After a few years of battling Apple’s mobile platform and taking it on in a really serious way, it was starting to look like Google was achieving some parity with iOS. Sure, Android apps still aren’t downloaded as often and don’t return nearly as much income to mobile developers as iOS apps do (for me, Android represents only 10% of my total return when comparing the same apps that I’ve placed in the App Store and Android Market). But Android device purchases have skyrocketed, mobile app customers typically want both Android and iOS versions of their native apps, and companies doing mobile development often embrace both iOS and Android.
But unfortunately for many Android developers and customers, Google just threw their mobile platform under the bus this week by renaming Android Market to Google Play. Why?
Apps aren’t just entertainment
Look at the Google Play info screen above. “Play anywhere.” “All of your entertainment in one place.” Interesting… because as a mobile product manager in higher education — and an independent app developer for healthcare clients — exactly 0% of my mobile work is entertainment. Is Google telling me that the Android platform is not appropriate for my work?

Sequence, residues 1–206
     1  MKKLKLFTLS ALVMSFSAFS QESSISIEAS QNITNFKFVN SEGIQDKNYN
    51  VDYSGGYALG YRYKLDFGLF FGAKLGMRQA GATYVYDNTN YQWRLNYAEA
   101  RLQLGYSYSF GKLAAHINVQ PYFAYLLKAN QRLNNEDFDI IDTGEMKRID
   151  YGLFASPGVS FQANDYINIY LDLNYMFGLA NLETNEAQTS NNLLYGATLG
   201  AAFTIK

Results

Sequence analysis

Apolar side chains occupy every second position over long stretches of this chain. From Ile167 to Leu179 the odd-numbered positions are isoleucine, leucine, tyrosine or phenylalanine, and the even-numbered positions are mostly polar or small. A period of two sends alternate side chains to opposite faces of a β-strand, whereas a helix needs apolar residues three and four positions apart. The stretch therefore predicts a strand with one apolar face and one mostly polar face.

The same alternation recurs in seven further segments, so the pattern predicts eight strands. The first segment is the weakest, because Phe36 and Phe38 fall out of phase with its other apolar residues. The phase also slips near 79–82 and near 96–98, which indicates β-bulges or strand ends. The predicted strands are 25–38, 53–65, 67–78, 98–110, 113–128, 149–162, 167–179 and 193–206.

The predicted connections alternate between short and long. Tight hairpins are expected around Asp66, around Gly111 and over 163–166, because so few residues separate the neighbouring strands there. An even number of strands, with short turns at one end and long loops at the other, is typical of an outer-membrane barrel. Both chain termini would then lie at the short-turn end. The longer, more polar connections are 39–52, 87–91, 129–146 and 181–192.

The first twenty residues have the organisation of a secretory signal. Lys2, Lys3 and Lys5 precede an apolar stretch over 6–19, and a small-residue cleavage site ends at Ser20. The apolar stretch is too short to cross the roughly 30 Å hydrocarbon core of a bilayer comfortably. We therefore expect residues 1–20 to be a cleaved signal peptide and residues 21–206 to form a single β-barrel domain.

Yes, they just did.
You don’t “play” apps
Worse yet, it seems like some marketing person who is completely unfamiliar with mobile apps has taken the reins of mobile marketing at Google. Because simply put, they didn’t get the verb right. You don’t play apps. You run apps. It’s a huge distinction.
And Google got their action verb very, very wrong.
Granted, apps that are games can be played. So, clearly, when people run an app that is a game, they probably say that they play that particular app. But apps are software running on small, pocket-sized and tablet-sized computers. You don’t play software. You run software. Particularly if it’s productivity or reference software.
In closing, I’ll end with an observation. Last week, several people at my company just spent a lot of time doing video production for a demo of our mobile app. The script noted that the app can be found in Apple’s iTunes App Store and Google’s Android Market. Now we get to redo that work.
But this is more than just sour grapes. Now the demo, for a higher education mobile application, will need to say “to keep in touch with your university courses, classroom discussions, faculty and classmates, and campus news, download our mobile app at Google Play.”
And I can’t even say that off-camera without getting a deeply disturbing feeling in my stomach.